Showing posts from May, 2014

fish cake

so today I told myself I wouldn't worry too much about my respiratory problems and brittle asthma. instead I relaxed, read poetry and munched on these lovely Thai fish cakes!
recipe: grinded cod Thai red curry paste (1spoon) 3 pieces of lime leaves.
mixed them together, mould them to circles, and fry!
really enjoyed them while reading my mentor's new poetry book. will write more about the book some time.


enticing food and poetry

I do not want to say this, but quite frankly, I love Thai food more than I love my native Filipino food. I just find Thai cuisine very rich (but not over powering) in flavours and spices. They are never bland; there's always a surprise happening just at the tip of your tongue. Sometimes my boyfriend's mother, who is from Thailand, will make a type of dish which she calls 'laab' either with pork or beef, and, for sure, I will drool just by looking at it. Laab actually originated from northern Thailand. It is inspired from a mixture of Laos and Thai cuisines. Nowadays they call such cuisines 'Lao-Thai.'
Today I actually attempted cooking this dish with pork and vermicelli noodles. The dish actually tastes nice and it's bursting with enticing flavours. It always has a 'kick' in it!
roasting some peanuts, a very important ingredient in Thai cuisine
preparing the herbs
finish product! Thai laab
want some more!
5 sprigs of coriander
4-5 pieces …

translating poems

Recently I have tried translating poems from my mother tongue, Tagalog, to my 'second love' English. I found literal translation quite easy as I am fluent in both languages; however, choosing the right/most appropriate words to use in poetry translation is a different matter. You must ensure that the translated poem doesn't lose its linguistic grace, art and musicality.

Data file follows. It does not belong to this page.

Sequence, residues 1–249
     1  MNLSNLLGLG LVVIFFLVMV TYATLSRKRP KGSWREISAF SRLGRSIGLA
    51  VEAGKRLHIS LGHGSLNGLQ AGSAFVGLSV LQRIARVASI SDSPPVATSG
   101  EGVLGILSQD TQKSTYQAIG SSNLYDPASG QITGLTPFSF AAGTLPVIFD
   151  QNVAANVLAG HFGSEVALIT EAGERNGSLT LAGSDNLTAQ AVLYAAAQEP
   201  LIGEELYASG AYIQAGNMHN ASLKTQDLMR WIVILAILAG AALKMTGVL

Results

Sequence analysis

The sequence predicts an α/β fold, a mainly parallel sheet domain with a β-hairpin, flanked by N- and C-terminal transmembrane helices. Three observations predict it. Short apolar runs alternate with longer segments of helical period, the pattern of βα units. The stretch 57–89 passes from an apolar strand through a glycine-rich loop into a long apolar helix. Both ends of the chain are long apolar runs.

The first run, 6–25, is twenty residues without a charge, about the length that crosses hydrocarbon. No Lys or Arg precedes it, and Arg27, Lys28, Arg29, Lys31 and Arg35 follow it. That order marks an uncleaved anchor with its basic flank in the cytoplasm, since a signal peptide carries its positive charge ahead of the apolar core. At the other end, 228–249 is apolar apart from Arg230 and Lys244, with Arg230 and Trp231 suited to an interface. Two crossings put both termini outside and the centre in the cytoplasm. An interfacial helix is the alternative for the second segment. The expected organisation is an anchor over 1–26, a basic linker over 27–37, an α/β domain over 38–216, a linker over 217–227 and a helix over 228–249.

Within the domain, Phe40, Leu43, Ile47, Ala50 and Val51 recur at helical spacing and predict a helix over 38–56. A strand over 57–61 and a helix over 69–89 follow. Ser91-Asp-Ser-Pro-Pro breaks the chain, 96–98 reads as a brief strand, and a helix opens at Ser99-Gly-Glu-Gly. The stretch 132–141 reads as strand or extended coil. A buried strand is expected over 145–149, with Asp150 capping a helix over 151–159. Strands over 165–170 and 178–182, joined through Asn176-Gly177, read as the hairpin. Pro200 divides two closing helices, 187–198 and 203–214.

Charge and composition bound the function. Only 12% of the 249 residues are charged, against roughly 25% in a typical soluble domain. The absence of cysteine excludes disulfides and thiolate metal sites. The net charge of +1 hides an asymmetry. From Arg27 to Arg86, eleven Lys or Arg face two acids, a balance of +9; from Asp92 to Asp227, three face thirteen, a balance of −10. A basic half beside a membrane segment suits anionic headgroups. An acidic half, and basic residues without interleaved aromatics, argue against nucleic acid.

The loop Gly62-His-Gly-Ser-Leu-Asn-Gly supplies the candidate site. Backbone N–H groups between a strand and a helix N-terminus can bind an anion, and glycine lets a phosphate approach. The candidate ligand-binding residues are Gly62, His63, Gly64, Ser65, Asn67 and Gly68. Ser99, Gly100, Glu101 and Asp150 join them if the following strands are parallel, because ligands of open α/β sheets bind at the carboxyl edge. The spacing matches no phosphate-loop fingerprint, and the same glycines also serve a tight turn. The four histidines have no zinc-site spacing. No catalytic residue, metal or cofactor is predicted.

So today I traveled to Shrewsbury to meet up with my mentor (a prolific poet) whom I'd like to call 'Mr S' to talk more about translating poems. I recently suffered from pneumonia, today is actually the first time I've been out and about for weeks! I'm still managing to smile and put some make up on; after all the problem is my lungs, not my face!
A view from the train window
a little mayfly joined us during mentoring session
 The ever so lovely, historical river Severn

Yes, this was what I had for lunch!
Robert Frost once said, "Poetry is what gets lost in translation."  I c…

Farm and anything bucolic

When I was a kid we used to visit our grandparents in the province during weekends. They owned so many farming fields and animals. I remembered when my grandad taught me (and my siblings) how to plant corns. It was very sunny and sweltering but we enjoyed the process. We used to live in the city of Lipa and going to the farm in Batangas was such a change. Fresh air, fresh fruit, and fresh faces. When I went back this year in January, there were of course some changes as life itself is ephemeral. Having said that some things will always remain the same. 
mangoes my cousins picked straight from the trees
cloudy? only for a while!
corns being dried
mmmmmm.... so fresh, so scrumptious! That's not my hand by the way ;-)
From east to west - a fragment of my provincial memory can now be seen in a historic farm in Shropshire, England. My poem is displayed at the Poetry Fence of Acton Scott. It is a project by the poet in residence, Jean Atkin. Read the beautiful poems tied along the Poet…

My first published Haiku

So thankful and excited to announce that my  haiku in traditional form 5-7-5 is published by Prolific Press (Haiku Journal issue 28)
On the down side, they do not give a contributor's copy, so I guess I will just order one when I am not too skint. The cover looks very nice though, don't you think?
And oh, this is also my first publication outside the UK! My first poem to reach the faraway land of America! lol.

Here it is:
climbing mango trees
swapping sunlight for sweetness -
ants on a dried twig

Read more free electronic issues HERE

whilst I'm off sick

There's nothing more dreadful than being sick. And while I have been coughing up and getting high temperature for weeks, I find solace in reading poems and writing some. Since last week I have been writing a poem a day. Hope some of these will get to be edited and proof-read soon (once I feel more better) and someday find their home on the pages of good magazines.